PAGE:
Risk, Uncertainty and the Financial Crisis of 2008
Monday, September 16, 2013 - 4:30pm - 6:00pm
Columbia University Morningside Campus International Affairs Building, Room 1512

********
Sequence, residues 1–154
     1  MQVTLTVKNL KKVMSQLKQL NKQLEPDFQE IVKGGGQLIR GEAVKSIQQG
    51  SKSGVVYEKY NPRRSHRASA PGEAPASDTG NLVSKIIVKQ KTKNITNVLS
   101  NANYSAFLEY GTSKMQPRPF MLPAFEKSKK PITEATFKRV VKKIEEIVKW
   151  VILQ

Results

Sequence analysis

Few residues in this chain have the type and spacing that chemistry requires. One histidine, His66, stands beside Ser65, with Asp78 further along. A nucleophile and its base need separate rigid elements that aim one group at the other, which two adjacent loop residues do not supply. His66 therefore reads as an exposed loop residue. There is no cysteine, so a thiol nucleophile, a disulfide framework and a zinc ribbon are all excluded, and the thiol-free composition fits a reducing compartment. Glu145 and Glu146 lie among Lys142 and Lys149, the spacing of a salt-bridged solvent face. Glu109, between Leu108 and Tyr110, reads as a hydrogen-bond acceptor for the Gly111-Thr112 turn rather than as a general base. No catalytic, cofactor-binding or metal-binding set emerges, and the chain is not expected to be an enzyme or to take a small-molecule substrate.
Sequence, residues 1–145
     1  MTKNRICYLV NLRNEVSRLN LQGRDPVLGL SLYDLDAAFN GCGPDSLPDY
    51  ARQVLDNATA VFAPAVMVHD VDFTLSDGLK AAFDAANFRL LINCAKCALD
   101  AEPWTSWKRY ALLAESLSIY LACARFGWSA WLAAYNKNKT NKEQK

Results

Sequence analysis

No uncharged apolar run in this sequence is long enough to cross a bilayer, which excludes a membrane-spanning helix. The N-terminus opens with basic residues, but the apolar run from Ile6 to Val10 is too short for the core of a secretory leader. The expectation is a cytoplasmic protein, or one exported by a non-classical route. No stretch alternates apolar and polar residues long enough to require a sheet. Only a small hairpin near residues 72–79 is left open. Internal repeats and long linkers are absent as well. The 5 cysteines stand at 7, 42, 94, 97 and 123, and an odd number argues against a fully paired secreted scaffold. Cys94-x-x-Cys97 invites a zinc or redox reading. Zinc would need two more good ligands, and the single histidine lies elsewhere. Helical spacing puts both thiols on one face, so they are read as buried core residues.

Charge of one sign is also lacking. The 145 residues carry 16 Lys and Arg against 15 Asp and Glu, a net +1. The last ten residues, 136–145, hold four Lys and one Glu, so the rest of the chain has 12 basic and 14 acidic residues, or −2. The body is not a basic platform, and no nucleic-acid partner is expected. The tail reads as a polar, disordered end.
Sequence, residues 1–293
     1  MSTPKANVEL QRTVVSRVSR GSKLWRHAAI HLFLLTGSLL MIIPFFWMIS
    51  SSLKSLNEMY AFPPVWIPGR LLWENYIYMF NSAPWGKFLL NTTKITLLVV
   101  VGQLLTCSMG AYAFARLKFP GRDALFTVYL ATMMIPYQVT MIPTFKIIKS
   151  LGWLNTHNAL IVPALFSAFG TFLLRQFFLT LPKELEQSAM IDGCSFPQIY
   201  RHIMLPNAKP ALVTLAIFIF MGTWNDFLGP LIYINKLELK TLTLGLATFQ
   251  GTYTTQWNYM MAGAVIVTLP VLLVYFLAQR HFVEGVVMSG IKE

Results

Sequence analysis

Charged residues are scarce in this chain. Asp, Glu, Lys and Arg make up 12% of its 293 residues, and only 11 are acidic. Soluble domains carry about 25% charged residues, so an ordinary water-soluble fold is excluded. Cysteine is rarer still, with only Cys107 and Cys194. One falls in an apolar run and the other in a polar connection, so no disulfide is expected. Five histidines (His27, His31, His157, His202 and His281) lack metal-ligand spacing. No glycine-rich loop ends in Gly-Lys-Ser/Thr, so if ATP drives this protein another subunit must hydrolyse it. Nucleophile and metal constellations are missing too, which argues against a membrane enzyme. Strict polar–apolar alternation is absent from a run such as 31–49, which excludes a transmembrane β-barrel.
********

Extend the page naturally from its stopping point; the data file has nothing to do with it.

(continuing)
UPDATE: The paper for this presentation is available for advance reading. Please contact Geoff Kirkwood firstname.lastname@example.org to receive a copy. The Arnold A. Saltzman Institute of War and Peace Studies presents: "Risk, Uncertainty and the Financial Crisis of 2008" with Stephen C Nelson Assistant Professor, Department of Political Science, Northwestern University and Peter J. Katzenstein Walter S. Carpenter, Jr. Professor of International Studies, Cornell University moderated by Jack Snyder Robert and Rene Belfer Professor of International Relations, Department of Political Science Member, SIWPS Monday, September 16, 2013 4:30pm - 6:00pm Columbia University International Affairs Building 15th Floor, Room 1512 420 West 118th Street, New York City Abstract: The talk is based on an upcoming article in the journal International Organization. The distinction between uncertainty and risk, originally drawn by Frank Knight and John Maynard Keynes in the 1920s, remains of fundamental importance today. In the first part of the article the authors explain the origins of the concept of uncertainty and how it was criticized and subsequently evolved into a single, dominant model of decision making upon which the dominant risk-based theories of finance and economic policymaking were subsequently built. They argue instead that in the presence of uncertainty market actors and economic policymakers substitute other methods of decision making for rational calculation; specifically, actors decisions are rooted in social conventions. The second half of the article provides illustrative evidence, drawn from innovations in financial markets and deliberations among top American monetary authorities in the years before the crisis. The evidence is substantial enough to support the articles central claim: economic actors and policymakers live in worlds of risk and uncertainty. And in that world social conventions deserve much greater attention than conventional IPE analyses accords them. Such conventions, they conclude, must be part of our toolkit as we seek to understand the preferences and strategies of economic and political actors. Bios: Stephen C. Nelson is an assistant professor in the Department of Political Science at Northwestern University. His research and teaching interests lie in the study of international political economy. Within that broad domain his most recent projects involve studying the behavior of international institutions (specifically, the International Monetary Fund), the consequences of compliance with international legal agreements, and how economic agents and policymakers cope with risk and uncertainty. He is a member of the International Organizations & International Law Working Group housed at the Roberta Buffett Center for International and Comparative Studies. He completed his undergraduate degree in political science at Carleton College in 2002. In August 2009 he received a PhD from Cornell University's Government Department. Peter J. Katzenstein's research and teaching interests lie at the intersection of the fields of international relations and comparative politics. His work addresses issues of political economy, security and culture in world politics. His current research interests focus on the politics of civilizations; on questions of public diplomacy, law, religion, and popular culture; regionalism in world politics; and German politics. Recent books include: Anglo-America and Its Discontents: Civilizational Identities beyond West and East (Routledge, 2012). Sinicization and the Rise of China: Civilizational Processes beyond East and West (Routledge, 2012). Civilizations in World Politics: Plural and Pluralist Perspectives (Routledge, 2010). Beyond Paradigms: Analytic Eclecticism in World Politics (Palgrave, 2010), with Rudra Sil. He is the author, coauthor, editor and coeditor of about 40 books, edited volumes or monographs and over 100 articles or book chapters. Since joining the Cornell Government Department in 1973 Katzenstein has chaired or been a member of more than one hundred dissertation committees. He received Cornell's College of Arts and Science Stephen and Margery Russell Distinguished Teaching Award in 1993, and, in recognition of sustained and distinguished undergraduate teaching, was made one of Cornell University's Stephen H. Weiss Presidential Fellows in 2004.